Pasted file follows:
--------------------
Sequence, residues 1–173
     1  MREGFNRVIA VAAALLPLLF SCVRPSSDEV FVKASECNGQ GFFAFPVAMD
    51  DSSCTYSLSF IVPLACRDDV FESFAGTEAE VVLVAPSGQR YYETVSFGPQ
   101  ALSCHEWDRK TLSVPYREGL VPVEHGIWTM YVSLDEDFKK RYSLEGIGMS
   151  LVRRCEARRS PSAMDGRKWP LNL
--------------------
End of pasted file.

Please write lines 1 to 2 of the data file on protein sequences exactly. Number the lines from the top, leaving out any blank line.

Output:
Sequence, residues 1–173
     1  MREGFNRVIA VAAALLPLLF SCVRPSSDEV FVKASECNGQ GFFAFPVAMD